• Darling Picks Up New Contributors For Its macOS Compatibility Layer On Linux

    Darling is the long-standing (albeit for some years idling) effort to allow macOS binaries to run on Linux that is akin to Wine but focused on an Apple macOS layer rather than Windows. This summer it's been moving along and seeing some new developer contributions.

    The Darling project just published their Q2 highlights with having new contributors onboard and making progress at varying levels of the stack. They have begun stubbing out more frameworks including AGL, Carbon, AddressBook, CoreServices, and ApplicationServices.

(GNU/)Linux on Devices: Librem/Purism, Congatec, Aaeon, Axiomtek

Filed under
Linux
Hardware
  • Librem One Design Principles: Simple, Secure Applications

    The primary appeal of Librem One is that you get privacy without sacrificing convenience. There is already a wealth of free software available, both applications and services, with numerous security and privacy options. However, learning what they are and keeping up-to-date is generally neither simple nor convenient.

  • Type 6 module adds support for 10 new Intel 9th Gen CPUs

    Congatec’s Linux-friendly “Conga-TS370” COM Express Type 6 module now supports 10 new 9th Gen Coffee Lake-H Refresh chips including a 4.1GHz hexa-core, dual-threaded i7-9850HL with a 25W TDP. There’s also a new Conga-TEVAL/COMe 3.0 carrier.

    Last month, Kontron announced that its Intel 8th Gen Coffee Lake based COMe-bCL6 COM Express Basic Type 6 module had been updated to support Intel’s 9th Gen Coffee Lake Refresh chips. Now, rival German embedded vendor Congatec has stepped up with its own 9th Gen refresh of its 8th Gen Conga-TS370 Basic Type 6 module. You can now order the Conga-TS370 with 14 Intel Core, Xeon, Pentium, and Celeron models, including 10 new 9th Gen chips.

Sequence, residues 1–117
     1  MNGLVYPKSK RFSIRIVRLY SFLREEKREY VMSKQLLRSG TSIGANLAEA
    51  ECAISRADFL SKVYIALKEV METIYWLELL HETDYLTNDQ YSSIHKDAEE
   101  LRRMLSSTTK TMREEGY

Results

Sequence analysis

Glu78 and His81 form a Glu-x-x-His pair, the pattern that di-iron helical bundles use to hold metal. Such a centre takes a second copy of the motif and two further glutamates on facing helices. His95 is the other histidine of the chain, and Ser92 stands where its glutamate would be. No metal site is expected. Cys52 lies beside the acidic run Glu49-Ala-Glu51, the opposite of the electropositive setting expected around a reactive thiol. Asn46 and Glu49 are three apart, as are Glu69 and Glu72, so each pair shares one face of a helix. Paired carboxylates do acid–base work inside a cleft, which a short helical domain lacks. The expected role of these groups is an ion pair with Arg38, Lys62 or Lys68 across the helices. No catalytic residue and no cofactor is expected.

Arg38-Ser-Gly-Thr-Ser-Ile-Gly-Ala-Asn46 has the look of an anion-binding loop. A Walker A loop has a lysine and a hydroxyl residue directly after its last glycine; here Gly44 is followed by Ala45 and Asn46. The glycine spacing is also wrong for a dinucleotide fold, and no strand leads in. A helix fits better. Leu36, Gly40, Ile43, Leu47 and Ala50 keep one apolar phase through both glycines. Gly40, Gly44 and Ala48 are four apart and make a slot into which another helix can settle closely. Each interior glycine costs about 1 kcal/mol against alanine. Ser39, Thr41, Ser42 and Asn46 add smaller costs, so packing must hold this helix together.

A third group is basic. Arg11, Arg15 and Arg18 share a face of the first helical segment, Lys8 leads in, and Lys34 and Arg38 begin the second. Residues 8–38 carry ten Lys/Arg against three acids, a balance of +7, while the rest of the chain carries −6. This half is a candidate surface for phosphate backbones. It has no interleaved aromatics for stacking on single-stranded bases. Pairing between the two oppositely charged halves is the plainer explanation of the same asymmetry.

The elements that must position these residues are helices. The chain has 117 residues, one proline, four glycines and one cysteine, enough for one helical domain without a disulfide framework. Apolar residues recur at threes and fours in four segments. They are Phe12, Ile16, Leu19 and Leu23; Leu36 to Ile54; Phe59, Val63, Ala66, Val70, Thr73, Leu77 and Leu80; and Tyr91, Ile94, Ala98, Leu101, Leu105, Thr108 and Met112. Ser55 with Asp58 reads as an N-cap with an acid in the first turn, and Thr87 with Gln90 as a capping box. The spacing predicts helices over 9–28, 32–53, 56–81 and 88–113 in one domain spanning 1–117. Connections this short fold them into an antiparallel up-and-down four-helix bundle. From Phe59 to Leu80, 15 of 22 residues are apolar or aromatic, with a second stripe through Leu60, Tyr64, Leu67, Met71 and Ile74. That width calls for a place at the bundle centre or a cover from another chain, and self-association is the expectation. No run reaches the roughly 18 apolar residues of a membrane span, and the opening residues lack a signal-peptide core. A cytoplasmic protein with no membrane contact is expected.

• Aaeon unveils first Kaby Lake based SDM-S display module

    Aaeon announced a Linux-ready Intel SDM-Small module with a 7th Gen Intel Core CPU. The credit card sized “ASDM-S-KBU” is designed for kiosks, vending machines, and signage applications.

    Earlier this month we started seeing the first products to support Intel’s 175 x 100 x 20mm Smart Display Module-Large form factor for easily serviceable and upgradable signage control boards. Nexcom’s NDiS S538 module runs on an Intel 6th Gen Core CPU and Axiomtek’s SDM500L taps the newer 8th Gen Whiskey Lake-U. Now Aaeon has announced a board that adopts the smaller, 100 x 60 x 20mm Intel SDM-Small (SDM-S) spec. The ASDM-S-KBU is billed as the first SDM-S module based on a 7th Gen Kaby Lake chip.

  • Apollo Lake Pico-ITX SBC supplies mini-PCIe and M.2 expansion

    Axiomtek’s “PICO319” SBC is built around a quad-core Atom x5-E3940 SoC and offers 2x GbE, 2x USB 3.0, DP and LVDS, mini-PCIe and M.2, and -40 to 70°C support.

    The PICO319 is the latest of several Axiomtek Pico-ITX boards with an Intel Apollo Lake processor, including last year’s PICO316. The PICO319 incorporates the quad-core, up to 1.8GHz Atom x5-E3940 instead of the PICO316’s choice of a Pentium N4200 or Celeron N3350. The Atom x5-E3940 enables the PICO319 to support a wider temperature range of -40 to 70°C. No OS support was listed, but the earlier PICO316 supports Linux (Red Hat, Fedora, Ubuntu) and Windows.

Server: Google, SUSE, Mirantis, Kubernetes and Linux Containers

Filed under
Server
  • Introducing Spinnaker for Google Cloud Platform—continuous delivery made easy